Sarah Ockler has an excellent post up about the issue of race in YA. Like most other genres, the characters are predominantly white, and so are the authors. Sarah looks at the problems associated with this and what YA authors themselves can do to fix these problems. One part I especially liked:
Actively diversifying our fiction does not mean any of the following:
- Giving a character almond-shaped eyes or coffee-mocha-latte-chocolate-hazelnut-caramel-cappuccino-colored skin. In fact, as a general rule, writers seeking inspiration solely from Starbucks menus probably need to dial down the caffeine.
- Including a non-white character whose only real difference from the white characters is the color of his skin and/or his snappy catch phrases. Word!
- Putting a sushi or taco bar in the school cafeteria. Which is one of those things that sounds like a good idea at the time, but usually isn’t.
Oh my lord, I remember so many almond-shaped eyes and caramel-colored skin from books I read as a preteen/teen, it was ridiculous. Obviously Sarah adds a good dose of humor here, but her points are still valid. You can’t just throw in stereotypical details and assume your non-white character is covered. Or include a non-white character just to fill in your racial gap. It reminds me of how sitcoms about white families always feature a kid with a non-white best friend, whose job it is to show up and be sassy/awkward/etc.
Sarah also takes on the excuse of “I’m not black/Asian/Mexican-American so I can’t write about those people.” She says:
“I don’t buy it. We’re writers. Storytellers. Weavers of tales great and small. It’s our job to make things up, to imagine, to explore different perspectives through the eyes of our characters. This isn’t to say we can plug-n-play a few multicultural characters into our work or rely on stereotypes or assumptions for crafting our fictional friends (see aforementioned anti-starbucks advice), but that’s writer 101 stuff. Cardboard, one-dimensional people have no place in a story, whether they’re white, black, brown, purple, or invisible. Authenticity is important, but thanks to the library, the internet, and, you know, other human beings, it’s possible to learn about something we’ve never personally experienced. Sometimes all it takes is a simple question: Hey, people who’ve been there, what’s your take on this? People want their voices heard. They want to share. They want to help.”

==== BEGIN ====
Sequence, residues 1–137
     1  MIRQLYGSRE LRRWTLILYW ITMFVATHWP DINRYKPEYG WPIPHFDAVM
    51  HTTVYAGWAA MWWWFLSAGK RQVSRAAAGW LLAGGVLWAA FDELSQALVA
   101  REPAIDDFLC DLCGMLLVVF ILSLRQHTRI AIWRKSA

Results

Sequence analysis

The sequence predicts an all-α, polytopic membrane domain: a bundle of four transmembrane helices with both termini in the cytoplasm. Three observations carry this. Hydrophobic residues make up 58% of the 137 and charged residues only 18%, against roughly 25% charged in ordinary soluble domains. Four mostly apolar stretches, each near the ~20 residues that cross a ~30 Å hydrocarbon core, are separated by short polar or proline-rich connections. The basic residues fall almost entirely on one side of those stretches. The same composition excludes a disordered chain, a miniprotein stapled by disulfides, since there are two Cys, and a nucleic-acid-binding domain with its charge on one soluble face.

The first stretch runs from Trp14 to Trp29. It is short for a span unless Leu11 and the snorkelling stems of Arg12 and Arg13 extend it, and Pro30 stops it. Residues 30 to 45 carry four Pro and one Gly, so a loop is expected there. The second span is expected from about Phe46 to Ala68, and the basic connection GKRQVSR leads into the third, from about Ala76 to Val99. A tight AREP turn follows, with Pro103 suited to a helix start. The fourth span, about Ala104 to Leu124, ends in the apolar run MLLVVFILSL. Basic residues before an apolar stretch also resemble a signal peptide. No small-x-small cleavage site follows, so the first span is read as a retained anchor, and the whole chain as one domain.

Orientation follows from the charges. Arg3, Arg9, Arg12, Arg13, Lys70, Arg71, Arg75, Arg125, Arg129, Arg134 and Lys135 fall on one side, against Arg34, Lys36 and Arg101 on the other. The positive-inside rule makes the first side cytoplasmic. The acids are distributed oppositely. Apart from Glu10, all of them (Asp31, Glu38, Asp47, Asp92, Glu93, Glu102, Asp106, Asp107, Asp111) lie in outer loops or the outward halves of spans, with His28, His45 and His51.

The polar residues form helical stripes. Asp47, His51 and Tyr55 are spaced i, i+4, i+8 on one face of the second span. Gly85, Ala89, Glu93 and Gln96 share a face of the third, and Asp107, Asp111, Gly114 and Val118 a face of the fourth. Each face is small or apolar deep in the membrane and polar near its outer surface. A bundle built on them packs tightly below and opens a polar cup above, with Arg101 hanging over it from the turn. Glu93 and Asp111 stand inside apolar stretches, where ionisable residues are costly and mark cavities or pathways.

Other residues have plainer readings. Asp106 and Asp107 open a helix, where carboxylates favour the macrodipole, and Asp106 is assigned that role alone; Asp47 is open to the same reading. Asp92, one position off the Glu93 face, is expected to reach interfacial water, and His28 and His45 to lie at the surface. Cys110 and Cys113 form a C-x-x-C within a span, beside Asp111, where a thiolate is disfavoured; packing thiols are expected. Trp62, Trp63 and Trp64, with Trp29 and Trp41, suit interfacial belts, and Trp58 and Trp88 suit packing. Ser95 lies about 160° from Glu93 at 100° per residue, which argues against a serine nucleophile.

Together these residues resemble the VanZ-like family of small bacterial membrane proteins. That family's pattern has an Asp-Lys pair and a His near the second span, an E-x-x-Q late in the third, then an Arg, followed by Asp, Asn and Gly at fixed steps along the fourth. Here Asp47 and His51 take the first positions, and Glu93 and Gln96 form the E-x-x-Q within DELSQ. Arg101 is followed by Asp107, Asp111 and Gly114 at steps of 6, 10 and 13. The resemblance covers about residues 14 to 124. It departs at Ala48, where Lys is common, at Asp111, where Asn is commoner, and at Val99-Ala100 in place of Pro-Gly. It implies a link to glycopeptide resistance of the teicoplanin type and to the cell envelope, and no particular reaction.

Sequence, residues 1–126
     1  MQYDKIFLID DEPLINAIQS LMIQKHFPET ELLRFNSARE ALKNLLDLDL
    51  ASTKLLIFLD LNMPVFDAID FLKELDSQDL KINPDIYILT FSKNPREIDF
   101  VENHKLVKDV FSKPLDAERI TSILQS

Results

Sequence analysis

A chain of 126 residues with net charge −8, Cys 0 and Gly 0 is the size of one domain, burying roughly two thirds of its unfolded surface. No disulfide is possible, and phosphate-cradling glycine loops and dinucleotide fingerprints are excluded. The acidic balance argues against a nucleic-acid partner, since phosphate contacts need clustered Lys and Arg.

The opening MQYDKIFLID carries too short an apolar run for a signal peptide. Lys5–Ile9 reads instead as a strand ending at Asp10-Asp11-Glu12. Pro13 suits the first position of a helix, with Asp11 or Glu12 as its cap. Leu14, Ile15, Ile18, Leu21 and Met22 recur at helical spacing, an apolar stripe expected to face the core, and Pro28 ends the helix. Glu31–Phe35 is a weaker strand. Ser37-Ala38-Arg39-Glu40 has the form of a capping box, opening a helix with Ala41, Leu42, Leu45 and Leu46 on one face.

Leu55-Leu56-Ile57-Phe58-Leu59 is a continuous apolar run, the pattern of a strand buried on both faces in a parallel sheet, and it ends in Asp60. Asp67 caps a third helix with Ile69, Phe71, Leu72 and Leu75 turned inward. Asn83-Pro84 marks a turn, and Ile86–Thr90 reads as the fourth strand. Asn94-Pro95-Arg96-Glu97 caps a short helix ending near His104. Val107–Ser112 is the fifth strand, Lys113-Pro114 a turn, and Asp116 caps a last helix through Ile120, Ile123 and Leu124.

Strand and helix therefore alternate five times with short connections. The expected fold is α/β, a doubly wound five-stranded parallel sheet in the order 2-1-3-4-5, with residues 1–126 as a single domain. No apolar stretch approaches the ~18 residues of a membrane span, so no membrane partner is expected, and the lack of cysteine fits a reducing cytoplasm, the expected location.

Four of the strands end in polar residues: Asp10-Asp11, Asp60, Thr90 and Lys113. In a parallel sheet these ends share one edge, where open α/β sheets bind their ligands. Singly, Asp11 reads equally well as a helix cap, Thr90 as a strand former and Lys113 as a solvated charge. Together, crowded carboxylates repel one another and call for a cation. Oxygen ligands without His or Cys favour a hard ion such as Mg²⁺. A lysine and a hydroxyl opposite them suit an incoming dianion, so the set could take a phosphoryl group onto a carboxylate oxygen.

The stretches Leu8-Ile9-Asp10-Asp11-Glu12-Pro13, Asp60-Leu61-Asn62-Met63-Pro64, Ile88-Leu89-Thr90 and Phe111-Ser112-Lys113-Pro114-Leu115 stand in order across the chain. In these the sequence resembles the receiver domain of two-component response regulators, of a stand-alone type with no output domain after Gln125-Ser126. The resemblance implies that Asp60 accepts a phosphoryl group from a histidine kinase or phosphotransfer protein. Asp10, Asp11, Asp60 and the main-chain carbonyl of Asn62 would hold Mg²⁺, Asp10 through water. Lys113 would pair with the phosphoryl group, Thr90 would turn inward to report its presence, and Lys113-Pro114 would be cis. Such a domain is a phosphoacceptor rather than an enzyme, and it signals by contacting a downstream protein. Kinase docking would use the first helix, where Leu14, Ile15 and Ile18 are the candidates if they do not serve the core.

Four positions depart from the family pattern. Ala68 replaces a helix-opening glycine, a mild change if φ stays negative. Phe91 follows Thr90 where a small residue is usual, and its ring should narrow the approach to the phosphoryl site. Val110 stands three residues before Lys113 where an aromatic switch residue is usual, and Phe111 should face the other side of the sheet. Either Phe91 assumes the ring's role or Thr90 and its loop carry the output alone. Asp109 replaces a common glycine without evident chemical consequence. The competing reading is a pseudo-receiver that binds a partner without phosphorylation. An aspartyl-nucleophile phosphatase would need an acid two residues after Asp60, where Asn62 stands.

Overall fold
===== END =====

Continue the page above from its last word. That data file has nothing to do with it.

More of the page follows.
This is something we don’t see very often. It can feel like you’re overstepping boundaries to write about, say, a Muslim girl living in Chicago if you don’t have that background. There’s pressure to capture her cultural and religious background accurately, and it can be overwhelming for someone who hasn’t experienced that. But, as Sarah says, how is that different from creating any other character? If you’re only writing about characters who have had your exact experiences, you’re going to run out of stories pretty quickly.
At NESCBWI, I took a creating magical worlds workshop with Cinda Williams Chima. One thing she mentioned was that, in creating your magical world, think about what different races/religions/backgrounds might be represented. She encouraged us to look for opportunities to make our worlds diverse. Fantasy novels don’t get off easy, either!
There’s a lot more in Sarah’s post, so make sure to check it out. As she mentions, we’re the ones who can bring so many other voices to YA.